Peering down at her squished little face, I kissed her button nose.
"Oh she's just perfect," I sighed happily.
My husband Noel expertly took our new bundle, Bonnie Ray, into his arms.
"Time to take you home little one," he grinned. He strapped her into her capsule for the car and checked I was ready to go.
"Bye Sue and Noel," a midwife called as we walked to the hospital car park. "See you again next year?"
"Oh no, definitely not," Noel laughed.
"It's weird to think this will be our last trip back from the hospital," I said to Noel. He smiled and nodded.
At our house, we were met at the door by eager faces.
"Your brothers and sisters can't wait to meet you," I told my precious bundle.
They were all jostling each other to take a closer look.
"Form an orderly queue," I said.
I wasn't joking.
You see, Bonnie Ray didn't just have one or two other siblings.
She had 20, and they all wanted their first cuddle with her.
I lined them all up on the sofa so they could pass their newest sister round.
"I'll be very careful," promised Ellie, 13.
"I'm next," pouted Aimee, 12.
"I'm going to put the kettle on," I called out and headed to the kitchen for some peace and quiet.
Those two things were in short supply in our household but we loved it really.
Noel and I hadn't set out on having so many children.
I had my first child aged 14. We raised him as teenage parents.
Then we got married and had our second child, Sophie, when I was 17.
Noel and I thought we'd stop after two or three.
Perhaps it had something to do with the fact that we were both adopted but I found once I had three children I just wanted more.
When we got to our ninth child, Noel went for a vasectomy but the urge was still there for more babies.
For both of us. So he had it reversed.
Throughout all our babies, Noel always worked. We were never bludgers. We just loved having children.
We became famous six years ago when a documentary was made on us called 15 Kids and Counting.
That feels like a long time ago. After Archie, our 20th, we definitely thought we were done.
It felt like a nice round number to end on.
But then I fell pregnant one more time.
Now, our eldest two have flown the nest.
Christopher, 30, has a daughter of his own Maisie and our eldest daughter Sophie has three children.
So while my own children were producing kids of their own, I carried on having more!
Now, nineteen of them live in our ten-bedroom converted care home.
They are Chloe, 23, Jack, 21, Daniel, 19, Luke, 18, Millie, 17, Katie, 15, James, 14, Ellie, 13, Aimee, 12, Josh, 11, Max, nine, Tillie, eight, Oscar, seven, Casper, six, Hallie, three, Phoebe, two, and Archie, one and newborn Bonnie.
Four years ago I suffered a stillbirth when I was 21 weeks pregnant.
That baby, Alfie, has been looking down on Bonnie.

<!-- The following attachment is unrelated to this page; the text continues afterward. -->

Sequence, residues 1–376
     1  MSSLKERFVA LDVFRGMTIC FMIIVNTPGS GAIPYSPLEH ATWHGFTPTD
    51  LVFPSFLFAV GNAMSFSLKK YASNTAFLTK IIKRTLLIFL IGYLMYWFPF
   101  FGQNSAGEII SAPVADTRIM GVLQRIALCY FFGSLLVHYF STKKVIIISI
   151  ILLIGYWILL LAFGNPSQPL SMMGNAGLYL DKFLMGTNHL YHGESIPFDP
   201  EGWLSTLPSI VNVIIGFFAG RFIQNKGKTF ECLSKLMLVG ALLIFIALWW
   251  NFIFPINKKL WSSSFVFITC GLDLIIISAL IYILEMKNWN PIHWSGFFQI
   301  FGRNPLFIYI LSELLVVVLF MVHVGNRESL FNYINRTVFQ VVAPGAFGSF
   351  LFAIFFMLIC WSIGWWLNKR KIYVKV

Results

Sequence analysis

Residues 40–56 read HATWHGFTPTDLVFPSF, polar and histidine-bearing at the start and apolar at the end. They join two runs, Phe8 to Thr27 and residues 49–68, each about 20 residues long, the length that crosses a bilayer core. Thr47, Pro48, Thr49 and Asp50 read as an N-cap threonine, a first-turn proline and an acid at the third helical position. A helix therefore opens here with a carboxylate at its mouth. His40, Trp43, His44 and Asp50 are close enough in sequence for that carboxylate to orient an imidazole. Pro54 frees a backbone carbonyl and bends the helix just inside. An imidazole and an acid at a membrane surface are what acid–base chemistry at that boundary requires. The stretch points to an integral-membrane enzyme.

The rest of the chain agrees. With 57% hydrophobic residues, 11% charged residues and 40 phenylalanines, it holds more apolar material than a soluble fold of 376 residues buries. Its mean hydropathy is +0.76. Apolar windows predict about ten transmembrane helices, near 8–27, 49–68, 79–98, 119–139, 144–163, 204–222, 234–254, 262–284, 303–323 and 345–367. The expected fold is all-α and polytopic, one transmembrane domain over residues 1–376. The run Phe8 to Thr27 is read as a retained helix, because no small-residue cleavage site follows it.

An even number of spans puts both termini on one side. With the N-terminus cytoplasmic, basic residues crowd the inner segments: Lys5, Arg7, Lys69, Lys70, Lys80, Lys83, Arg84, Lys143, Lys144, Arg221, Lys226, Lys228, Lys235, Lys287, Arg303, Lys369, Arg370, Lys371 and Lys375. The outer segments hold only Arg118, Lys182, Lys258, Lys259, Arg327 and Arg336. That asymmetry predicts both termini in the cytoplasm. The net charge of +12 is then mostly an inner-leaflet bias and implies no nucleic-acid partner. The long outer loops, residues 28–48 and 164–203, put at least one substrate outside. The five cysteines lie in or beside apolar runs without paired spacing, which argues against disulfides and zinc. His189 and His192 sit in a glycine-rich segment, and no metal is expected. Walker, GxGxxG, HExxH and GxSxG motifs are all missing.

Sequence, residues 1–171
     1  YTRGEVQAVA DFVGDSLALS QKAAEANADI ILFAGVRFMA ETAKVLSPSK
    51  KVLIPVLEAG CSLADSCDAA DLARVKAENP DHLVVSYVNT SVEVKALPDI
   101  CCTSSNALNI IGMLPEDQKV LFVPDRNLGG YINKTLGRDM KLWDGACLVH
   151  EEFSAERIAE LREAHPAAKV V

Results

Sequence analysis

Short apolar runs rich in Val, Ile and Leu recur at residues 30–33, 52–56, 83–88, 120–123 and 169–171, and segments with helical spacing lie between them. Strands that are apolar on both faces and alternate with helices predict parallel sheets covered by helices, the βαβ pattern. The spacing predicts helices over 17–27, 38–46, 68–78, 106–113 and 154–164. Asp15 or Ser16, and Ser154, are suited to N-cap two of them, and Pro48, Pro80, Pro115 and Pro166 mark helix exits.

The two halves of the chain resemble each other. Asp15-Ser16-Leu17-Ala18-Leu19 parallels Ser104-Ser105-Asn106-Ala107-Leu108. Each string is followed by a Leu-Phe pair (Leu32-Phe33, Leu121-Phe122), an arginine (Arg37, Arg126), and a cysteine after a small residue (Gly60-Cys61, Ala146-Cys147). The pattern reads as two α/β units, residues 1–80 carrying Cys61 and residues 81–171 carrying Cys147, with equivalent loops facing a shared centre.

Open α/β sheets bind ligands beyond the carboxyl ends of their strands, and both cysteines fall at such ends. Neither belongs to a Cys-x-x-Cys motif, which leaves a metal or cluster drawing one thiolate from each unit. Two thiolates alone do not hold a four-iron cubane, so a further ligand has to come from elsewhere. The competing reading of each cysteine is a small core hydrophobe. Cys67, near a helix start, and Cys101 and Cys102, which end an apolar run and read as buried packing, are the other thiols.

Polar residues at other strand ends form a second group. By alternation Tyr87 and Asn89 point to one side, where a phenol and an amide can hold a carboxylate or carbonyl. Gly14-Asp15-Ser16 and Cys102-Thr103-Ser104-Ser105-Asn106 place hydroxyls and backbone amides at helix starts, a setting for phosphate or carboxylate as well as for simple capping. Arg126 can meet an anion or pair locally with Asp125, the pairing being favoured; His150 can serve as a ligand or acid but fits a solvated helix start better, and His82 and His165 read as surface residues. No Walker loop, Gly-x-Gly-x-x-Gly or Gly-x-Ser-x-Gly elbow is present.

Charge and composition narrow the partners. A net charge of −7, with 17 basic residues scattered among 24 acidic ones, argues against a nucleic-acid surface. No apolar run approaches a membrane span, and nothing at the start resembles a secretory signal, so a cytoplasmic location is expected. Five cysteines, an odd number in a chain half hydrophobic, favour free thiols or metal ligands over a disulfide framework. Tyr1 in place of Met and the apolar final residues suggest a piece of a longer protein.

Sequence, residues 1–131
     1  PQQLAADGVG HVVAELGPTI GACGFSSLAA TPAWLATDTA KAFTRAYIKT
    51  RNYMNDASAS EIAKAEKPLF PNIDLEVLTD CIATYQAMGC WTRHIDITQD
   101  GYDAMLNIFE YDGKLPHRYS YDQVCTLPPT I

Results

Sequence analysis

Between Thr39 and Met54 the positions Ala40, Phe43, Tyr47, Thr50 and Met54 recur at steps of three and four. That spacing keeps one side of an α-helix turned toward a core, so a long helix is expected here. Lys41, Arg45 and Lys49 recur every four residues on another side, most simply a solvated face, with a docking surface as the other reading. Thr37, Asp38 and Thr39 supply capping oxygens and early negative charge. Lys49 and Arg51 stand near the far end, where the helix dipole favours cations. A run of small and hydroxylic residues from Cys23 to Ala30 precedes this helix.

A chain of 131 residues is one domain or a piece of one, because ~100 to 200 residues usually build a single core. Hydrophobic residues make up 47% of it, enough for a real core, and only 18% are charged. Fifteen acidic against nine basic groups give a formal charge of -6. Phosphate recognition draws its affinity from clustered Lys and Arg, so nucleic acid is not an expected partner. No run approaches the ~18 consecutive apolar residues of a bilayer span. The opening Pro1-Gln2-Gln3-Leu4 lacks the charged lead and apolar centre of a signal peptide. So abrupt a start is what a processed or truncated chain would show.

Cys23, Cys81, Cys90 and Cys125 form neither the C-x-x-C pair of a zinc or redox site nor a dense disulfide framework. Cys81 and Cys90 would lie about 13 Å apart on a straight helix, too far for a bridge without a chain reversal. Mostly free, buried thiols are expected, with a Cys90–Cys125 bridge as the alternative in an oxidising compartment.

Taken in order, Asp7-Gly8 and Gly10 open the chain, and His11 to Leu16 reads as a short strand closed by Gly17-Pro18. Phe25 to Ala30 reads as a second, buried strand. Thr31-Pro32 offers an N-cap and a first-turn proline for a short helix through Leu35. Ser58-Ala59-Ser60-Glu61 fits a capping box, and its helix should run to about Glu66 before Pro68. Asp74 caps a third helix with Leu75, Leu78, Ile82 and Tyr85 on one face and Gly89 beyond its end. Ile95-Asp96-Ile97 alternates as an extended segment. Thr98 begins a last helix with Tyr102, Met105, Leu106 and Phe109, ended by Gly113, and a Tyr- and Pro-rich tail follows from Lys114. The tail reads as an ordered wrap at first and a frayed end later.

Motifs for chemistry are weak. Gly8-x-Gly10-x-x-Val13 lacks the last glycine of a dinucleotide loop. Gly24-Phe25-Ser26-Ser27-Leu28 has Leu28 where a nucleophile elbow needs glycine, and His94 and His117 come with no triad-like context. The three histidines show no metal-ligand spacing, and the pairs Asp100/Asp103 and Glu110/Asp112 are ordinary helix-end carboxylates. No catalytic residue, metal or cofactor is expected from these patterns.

They had the same due date.
I think Bonnie has a strong connection to Alfie.
Picking names got considerably harder the more children we had.
We wound up using up all our favourites and then the names I liked, Noel didn't, and vice versa or the ones we both liked the kids didn't.
It was quite a minefield.
When I thought of Bonnie, thankfully everyone instantly agreed.
We have to run our home like a military operation.
Every day involves ferrying children to three schools and a pre-school, churning out loads of washing and coping with three kids under four.
Back in our routine I turned to Noel one afternoon.
"Those two days in hospital with Bonnie were like a holiday," I joked, stuffing another load of dirty clothes and sheets into the washing machine.
"That's the only chance we get to have some time alone together," he replied. "No wonder we kept having more kids."
We do nine loads of laundry every day, using 30 bottles of washing liquid a month and go through four toilet rolls a day.
I have to admit, putting all those clothes away is a task I detest.
After an early start in the bakery we own, Noel is home by 7:45am to help me get the kids dressed and off to school.
We lay their uniforms out the night before and breakfast is staggered into two shifts.
Six of our kids are at the same primary school ten minutes away and five are at high school. Noel drives a minibus and because it carries more than nine passengers it's allowed to use the bus lanes.
The youngest ones, Oscar, Caspar, Hallie and Bonnie stay at home with me although Oscar goes to kindy in the afternoons.
We feed the family on about $500 a week.
We eat pasta or I cook a large meat and vegie stew.
We go through 10 litres of milk, three litres of juice and three boxes of cereal a day.
The kitchen is the heart of our home and the kids love to get involved.
I started teaching them to help me chop and grate from a young age. We form a production line and get on with it.
Bath time starts about 6pm.
The younger ones are in bed by 7pm and the older ones by 9pm.
By 10pm Noel and I are ready to turn in too.
As parents, we might struggle to get a minute to ourselves but having kids around is the best part of having such a large family.
No one every gets lonely – there's always someone to play with or talk to.
It's expensive having so many children but we ensure they don't miss out.
We spend $175 per child for birthdays and the same on each at Christmas.
We do so out of our own pocket.
We also go on a big family holiday every year.
We're proud to fund our big family ourselves with our business.
Someone worked out that I've now spent a total of 811 weeks pregnant!
I'd say that's enough now. I'm ready to enjoy my children and grandchildren.
"You say that every year," scoffs Max.
"Yeah, you won't stop at an odd number," Sophie agrees.
But Noel and I insist that Bonnie has completed our family.
It has to come to an end at some point!
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